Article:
author = "Yuning Shi and David Eissenstat and Yuting He and Davis, {Kenneth James}",
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TY - JOUR

T1 - Using a spatially-distributed hydrologic biogeochemistry model with a nitrogen transport module to study the spatial variation of carbon processes in a Critical Zone Observatory

AU - Shi, Yuning

AU - Eissenstat, David

AU - He, Yuting

AU - Davis, Kenneth James

PY - 2018/7/24

Y1 - 2018/7/24

N2 - Terrestrial carbon processes are affected by soil moisture, soil temperature, nitrogen availability and solar radiation, among other factors. Most of the current ecosystem biogeochemistry models represent one point in space, and have limited characterization of hydrologic processes. Therefore, these models can neither resolve the topographically driven spatial variability of water, energy, and nutrient, nor their effects on carbon processes. A spatially-distributed land surface hydrologic biogeochemistry model, Flux-PIHM-BGC, is developed by coupling the Biome-BGC model with a physically-based land surface hydrologic model, Flux-PIHM. In the coupled system, each Flux-PIHM model grid couples a 1-D Biome-BGC model. In addition, a topographic solar radiation module and an advection-driven nitrogen transport module are added to represent the impact of topography on nutrient transport and solar energy distribution. Because Flux-PIHM is able to simulate lateral groundwater flow and represent the land surface heterogeneities caused by topography, Flux-PIHM-BGC is capable of simulating the complex interaction among water, energy, nutrient, and carbon in time and space. The Flux-PIHM-BGC model is tested at the Susquehanna/Shale Hills Critical Zone Observatory. Model results show that distributions of carbon and nitrogen stocks and fluxes are strongly affected by topography and landscape position, and tree growth is nitrogen limited. The predicted aboveground and soil carbon distributions generally agree with the macro patterns observed. Although the model underestimates the spatial variation, the predicted watershed average values are close to the observations. The coupled Flux-PIHM-BGC model provides an important tool to study spatial variations in terrestrial carbon and nitrogen processes and their interactions with environmental factors, and to predict the spatial structure of the responses of ecosystems to climate change.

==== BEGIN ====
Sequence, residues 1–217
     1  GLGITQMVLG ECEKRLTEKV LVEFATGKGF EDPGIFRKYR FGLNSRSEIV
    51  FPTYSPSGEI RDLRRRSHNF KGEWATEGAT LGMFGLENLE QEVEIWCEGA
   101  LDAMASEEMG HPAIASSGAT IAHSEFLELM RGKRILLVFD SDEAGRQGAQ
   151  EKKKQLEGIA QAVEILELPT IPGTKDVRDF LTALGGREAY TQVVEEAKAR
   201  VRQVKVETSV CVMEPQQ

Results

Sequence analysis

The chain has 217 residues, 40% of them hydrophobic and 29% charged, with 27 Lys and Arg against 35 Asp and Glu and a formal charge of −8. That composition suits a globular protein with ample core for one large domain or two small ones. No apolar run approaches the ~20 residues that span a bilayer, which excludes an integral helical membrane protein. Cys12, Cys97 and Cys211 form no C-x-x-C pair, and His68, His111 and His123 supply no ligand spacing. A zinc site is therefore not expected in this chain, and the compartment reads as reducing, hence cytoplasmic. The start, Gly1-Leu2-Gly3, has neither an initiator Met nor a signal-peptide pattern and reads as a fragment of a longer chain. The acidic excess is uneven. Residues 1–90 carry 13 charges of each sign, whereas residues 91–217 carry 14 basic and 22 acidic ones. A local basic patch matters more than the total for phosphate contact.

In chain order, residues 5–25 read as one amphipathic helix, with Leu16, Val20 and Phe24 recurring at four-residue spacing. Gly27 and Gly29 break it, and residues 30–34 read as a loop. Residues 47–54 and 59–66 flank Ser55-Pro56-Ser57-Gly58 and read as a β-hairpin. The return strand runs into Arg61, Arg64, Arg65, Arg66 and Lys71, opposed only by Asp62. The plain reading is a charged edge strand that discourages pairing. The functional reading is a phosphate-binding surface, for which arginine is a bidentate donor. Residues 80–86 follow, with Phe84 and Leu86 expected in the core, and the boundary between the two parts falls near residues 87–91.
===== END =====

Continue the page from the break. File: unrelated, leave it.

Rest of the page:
AB - Terrestrial carbon processes are affected by soil moisture, soil temperature, nitrogen availability and solar radiation, among other factors. Most of the current ecosystem biogeochemistry models represent one point in space, and have limited characterization of hydrologic processes. Therefore, these models can neither resolve the topographically driven spatial variability of water, energy, and nutrient, nor their effects on carbon processes. A spatially-distributed land surface hydrologic biogeochemistry model, Flux-PIHM-BGC, is developed by coupling the Biome-BGC model with a physically-based land surface hydrologic model, Flux-PIHM. In the coupled system, each Flux-PIHM model grid couples a 1-D Biome-BGC model. In addition, a topographic solar radiation module and an advection-driven nitrogen transport module are added to represent the impact of topography on nutrient transport and solar energy distribution. Because Flux-PIHM is able to simulate lateral groundwater flow and represent the land surface heterogeneities caused by topography, Flux-PIHM-BGC is capable of simulating the complex interaction among water, energy, nutrient, and carbon in time and space. The Flux-PIHM-BGC model is tested at the Susquehanna/Shale Hills Critical Zone Observatory. Model results show that distributions of carbon and nitrogen stocks and fluxes are strongly affected by topography and landscape position, and tree growth is nitrogen limited. The predicted aboveground and soil carbon distributions generally agree with the macro patterns observed. Although the model underestimates the spatial variation, the predicted watershed average values are close to the observations. The coupled Flux-PIHM-BGC model provides an important tool to study spatial variations in terrestrial carbon and nitrogen processes and their interactions with environmental factors, and to predict the spatial structure of the responses of ecosystems to climate change.